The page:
Orolia, the world leader in resilient positioning, navigation and timing (PNT) that was recently acquired by Safran Electronics and Defense, has received certifications for the Ultima-S survival emergency locator transmitter (ELT). The Ultima-S is a new generation ELT installed in either the cabins or liferafts and relays accurate aircraft location information to search and rescue teams.
“With these key certifications for the Ultima-S, Orolia brings a long-awaited solution to the industry,” said Jérôme Ramé, Orolia’s Aviation & Military Product Line Director. “We have developed strong partnerships with several of the leading aircraft manufacturers that will enable operators worldwide to benefit from the Ultima-S for both their linefit and retrofit needs, allowing fleet standardization.”
The transmitter provides free and global coverage service through the dedicated Cospas-Sarsat infrastructure while meeting the highest aviation safety standards. Orolia offers non-rechargeable lithium batteries that are compliant with the latest FAA and EASA special conditions standards, also known under TSO-C142b/DO227A. The Ultima-S also meets the most recent ELT performance and environmental standards through TSO-C126c.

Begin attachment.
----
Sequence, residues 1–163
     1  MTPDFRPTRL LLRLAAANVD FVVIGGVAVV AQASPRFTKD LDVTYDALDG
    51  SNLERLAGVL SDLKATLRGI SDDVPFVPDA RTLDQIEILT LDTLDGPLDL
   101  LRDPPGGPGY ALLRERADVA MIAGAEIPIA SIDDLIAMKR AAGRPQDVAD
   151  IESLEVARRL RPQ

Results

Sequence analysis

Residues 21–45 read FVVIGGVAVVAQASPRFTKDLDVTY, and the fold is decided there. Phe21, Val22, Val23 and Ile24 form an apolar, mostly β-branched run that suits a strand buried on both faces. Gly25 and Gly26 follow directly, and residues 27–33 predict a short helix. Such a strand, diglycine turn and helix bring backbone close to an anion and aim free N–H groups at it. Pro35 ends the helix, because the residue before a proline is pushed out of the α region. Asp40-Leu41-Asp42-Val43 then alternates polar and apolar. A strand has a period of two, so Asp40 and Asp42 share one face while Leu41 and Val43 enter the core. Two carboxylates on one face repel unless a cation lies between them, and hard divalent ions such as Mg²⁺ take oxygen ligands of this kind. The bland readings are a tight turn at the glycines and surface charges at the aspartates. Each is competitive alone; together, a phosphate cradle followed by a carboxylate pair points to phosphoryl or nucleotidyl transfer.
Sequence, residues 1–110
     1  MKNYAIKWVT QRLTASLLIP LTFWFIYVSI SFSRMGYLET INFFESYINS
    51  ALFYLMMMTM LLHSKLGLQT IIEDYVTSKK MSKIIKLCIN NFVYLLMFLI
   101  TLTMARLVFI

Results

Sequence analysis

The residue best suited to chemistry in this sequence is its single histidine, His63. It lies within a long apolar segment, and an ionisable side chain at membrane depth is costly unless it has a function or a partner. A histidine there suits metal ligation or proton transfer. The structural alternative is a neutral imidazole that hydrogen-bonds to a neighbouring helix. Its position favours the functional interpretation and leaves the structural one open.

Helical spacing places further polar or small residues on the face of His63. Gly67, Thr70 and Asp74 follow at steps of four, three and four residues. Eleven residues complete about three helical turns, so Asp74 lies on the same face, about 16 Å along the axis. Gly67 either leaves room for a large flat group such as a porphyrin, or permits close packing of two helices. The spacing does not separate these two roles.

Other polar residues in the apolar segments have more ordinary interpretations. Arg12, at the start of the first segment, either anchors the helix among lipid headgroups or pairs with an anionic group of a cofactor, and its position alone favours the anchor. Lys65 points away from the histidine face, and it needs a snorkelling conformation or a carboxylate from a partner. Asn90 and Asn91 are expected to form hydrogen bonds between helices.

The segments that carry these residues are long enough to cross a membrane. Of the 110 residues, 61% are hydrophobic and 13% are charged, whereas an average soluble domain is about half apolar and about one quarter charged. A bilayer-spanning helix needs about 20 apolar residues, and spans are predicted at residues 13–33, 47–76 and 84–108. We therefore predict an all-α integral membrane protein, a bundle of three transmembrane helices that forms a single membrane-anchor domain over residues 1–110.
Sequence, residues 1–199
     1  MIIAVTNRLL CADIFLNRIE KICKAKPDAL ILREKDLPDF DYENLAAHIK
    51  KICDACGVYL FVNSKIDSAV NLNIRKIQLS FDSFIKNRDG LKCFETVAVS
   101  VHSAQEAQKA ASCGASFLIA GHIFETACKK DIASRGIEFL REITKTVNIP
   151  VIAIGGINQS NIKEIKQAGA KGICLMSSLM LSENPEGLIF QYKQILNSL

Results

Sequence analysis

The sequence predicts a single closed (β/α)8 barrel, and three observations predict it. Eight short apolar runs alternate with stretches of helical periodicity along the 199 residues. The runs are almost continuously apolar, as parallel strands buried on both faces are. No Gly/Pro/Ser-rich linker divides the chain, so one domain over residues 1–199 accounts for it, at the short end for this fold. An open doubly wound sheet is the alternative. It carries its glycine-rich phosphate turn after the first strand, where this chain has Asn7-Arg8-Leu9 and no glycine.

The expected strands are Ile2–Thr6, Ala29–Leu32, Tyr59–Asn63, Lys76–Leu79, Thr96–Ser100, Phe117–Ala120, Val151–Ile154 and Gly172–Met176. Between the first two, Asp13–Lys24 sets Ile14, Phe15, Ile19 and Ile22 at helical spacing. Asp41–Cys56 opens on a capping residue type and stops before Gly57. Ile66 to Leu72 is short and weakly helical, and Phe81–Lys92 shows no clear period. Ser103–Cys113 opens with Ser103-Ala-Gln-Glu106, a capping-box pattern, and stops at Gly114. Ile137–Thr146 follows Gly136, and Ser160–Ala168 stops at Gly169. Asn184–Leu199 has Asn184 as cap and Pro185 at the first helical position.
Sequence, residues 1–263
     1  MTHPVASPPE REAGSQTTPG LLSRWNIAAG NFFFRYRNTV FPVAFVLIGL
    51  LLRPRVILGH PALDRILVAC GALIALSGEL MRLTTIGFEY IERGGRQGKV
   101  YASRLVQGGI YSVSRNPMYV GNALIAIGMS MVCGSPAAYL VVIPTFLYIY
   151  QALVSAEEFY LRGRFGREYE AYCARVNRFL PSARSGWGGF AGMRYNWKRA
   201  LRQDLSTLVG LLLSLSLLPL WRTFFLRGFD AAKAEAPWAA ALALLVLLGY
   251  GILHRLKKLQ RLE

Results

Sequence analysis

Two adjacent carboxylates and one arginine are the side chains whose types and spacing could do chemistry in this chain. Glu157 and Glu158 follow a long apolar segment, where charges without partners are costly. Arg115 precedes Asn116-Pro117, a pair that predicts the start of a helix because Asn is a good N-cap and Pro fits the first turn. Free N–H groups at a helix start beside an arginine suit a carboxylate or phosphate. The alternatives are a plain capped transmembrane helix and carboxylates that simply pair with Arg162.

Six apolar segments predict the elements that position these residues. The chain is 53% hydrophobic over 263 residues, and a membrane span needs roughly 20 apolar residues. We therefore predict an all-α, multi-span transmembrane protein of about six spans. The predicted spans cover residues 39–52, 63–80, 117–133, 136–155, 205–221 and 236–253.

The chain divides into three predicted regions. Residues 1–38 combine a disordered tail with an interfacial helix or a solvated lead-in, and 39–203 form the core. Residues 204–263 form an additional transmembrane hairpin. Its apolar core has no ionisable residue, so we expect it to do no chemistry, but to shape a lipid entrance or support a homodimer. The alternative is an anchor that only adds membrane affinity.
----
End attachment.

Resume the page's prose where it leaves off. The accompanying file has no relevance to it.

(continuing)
“What makes the Ultima-S unique is a new feature called the Return Link Service (RLS),” said Ramé. “Through this capability, the user is automatically notified when the distress signal is detected and located by the Cospas-Sarsat ground infrastructure. The Ultima-S links directly to the European Galileo GNSS satellite constellation, providing the most reliable and timely information for reaching aircraft crew members in distress.”
Once activated, a 406MHz distress signal is transmitted and includes the ELT location thanks to the Ultima-S internal GNSS receiver. This built-in GNSS capability increases both probability and speed of detection of the distress signal.
In addition to being available on a linefit basis on major aircraft programs, Orolia recently launched an exchange program to make retrofit activities easier for airlines, especially those upgrading to safer battery technology.